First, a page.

Muram Abbadi: Image: Aircraft Charter Specialist
Aircraft charter specialist, Air Charter Service, has announced its latest investment in the future of sustainable aviation and outlined its approach to how it can play its part in helping reduce, and eventually eliminate, the environmental impact of aviation.
Chris Leach, Chairman of Air Charter Service, said: “Internally we have been a certified Carbon Neutral company since 2007, but we realised several years ago that this was not enough, so we are working to a three phase strategy to reduce and ultimately eliminate our industry’s environmental impact. The first phase is carbon-offsetting – we launched our customer offsetting scheme several years ago, with the offer for every client to offset the carbon generated by their flights. The money of which goes towards carbon credits supporting industries that have the technology to be sustainable, but not the funding. The second phase is Sustainable Aviation Fuel (SAF) – this is currently not always feasible as the infrastructure currently where it needs to be and there are still concerns about the auditing of Book and Claim systems. However, we are hopeful that we will have this offering in place in the foreseeable future. The third is investing in the future of sustainable flight. Although the impact of this strategy will not be fully realised until much further down the line, we have already begun to invest. We first invested in Erik Lindbergh and Embry-Riddle’s ‘Powering Imagination’ electric aircraft project almost ten years ago. Our latest investment is now to help find the next generation of aeronautical engineers, who will be working on the aircraft in the future.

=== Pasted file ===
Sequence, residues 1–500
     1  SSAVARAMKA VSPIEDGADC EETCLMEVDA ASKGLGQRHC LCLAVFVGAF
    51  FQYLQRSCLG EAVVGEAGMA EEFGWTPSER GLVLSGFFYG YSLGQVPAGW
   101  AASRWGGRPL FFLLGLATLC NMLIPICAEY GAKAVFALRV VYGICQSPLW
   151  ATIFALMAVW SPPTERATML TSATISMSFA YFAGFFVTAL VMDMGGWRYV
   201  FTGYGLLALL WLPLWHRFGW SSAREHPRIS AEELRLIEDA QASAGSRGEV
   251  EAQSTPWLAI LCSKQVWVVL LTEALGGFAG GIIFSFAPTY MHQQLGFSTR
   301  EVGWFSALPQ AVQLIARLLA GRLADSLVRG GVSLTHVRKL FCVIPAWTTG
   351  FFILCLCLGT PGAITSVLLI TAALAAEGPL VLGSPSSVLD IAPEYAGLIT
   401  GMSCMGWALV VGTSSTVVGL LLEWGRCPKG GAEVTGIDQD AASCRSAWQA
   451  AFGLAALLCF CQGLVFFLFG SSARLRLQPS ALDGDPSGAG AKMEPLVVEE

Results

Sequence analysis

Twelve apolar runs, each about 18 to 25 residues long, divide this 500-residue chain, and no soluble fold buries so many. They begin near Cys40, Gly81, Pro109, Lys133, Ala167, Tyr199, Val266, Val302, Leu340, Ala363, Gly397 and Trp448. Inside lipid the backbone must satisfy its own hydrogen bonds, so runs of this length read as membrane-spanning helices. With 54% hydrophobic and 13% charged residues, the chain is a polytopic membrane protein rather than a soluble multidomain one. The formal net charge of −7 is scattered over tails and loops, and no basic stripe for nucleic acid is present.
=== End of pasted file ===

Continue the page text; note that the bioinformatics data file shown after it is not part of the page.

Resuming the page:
“Aviation has come a long way in terms of fuel efficiency over the past 40 years or so. It is, however, an industry that faces many challenges to get to fully electric or hydrogen powered aircraft. We can mitigate the problems with carbon offsetting and SAF, but we need to truly invest in the aeronautical engineers of the future, who will be at the forefront of the development in 20-30 years’ time – those engineers are currently of university age.
“So it gives me great pleasure to announce that we have awarded our inaugural PhD scholarship to Muram Abbadi, who will be conducting a study of morphing wings. Muram will be focusing on an innovative form of aircraft wing design that changes shape, taking inspiration from nature by mimicking feathered movement. By evaluating and modelling the aerodynamic performance of the front and back parts of these morphing wings at different stages of flight, she hopes her findings will contribute to the future sustainability of the industry. We felt that Muram’s studies covered both the short- and longer-term objectives of more efficient flight and we are really excited to see her findings. The scholarship will see her receive full funding covering tuition, research fees and maintenance costs during her four years of PhD studies.”
Muram commented: “Sustainability in aviation is the long-term goal for aircraft manufacturers – it makes for a fascinating time to be involved in aviation, with innovative designs to tackle the climate challenge. Having the opportunity to work on solving these issues and trying things that haven’t been done before is really exciting. When I learned about morphing wings and how they take inspiration from the way birds fly, the idea of trying to establish their optimal aerodynamic performance seemed the perfect fit for my PhD and I’m very thankful to Air Charter Service for this opportunity.”
Dean of the faculty of engineering, computing and the environment, Professor Amir Alani, said the firm’s support in establishing the scholarship was an outstanding example of how universities and businesses could work together to advance knowledge and research. “By supporting Muram in her studies in this way, ACS is assisting the development of a talented aerospace engineer in an area that could play a significant role in the evolution of a more sustainable industry.”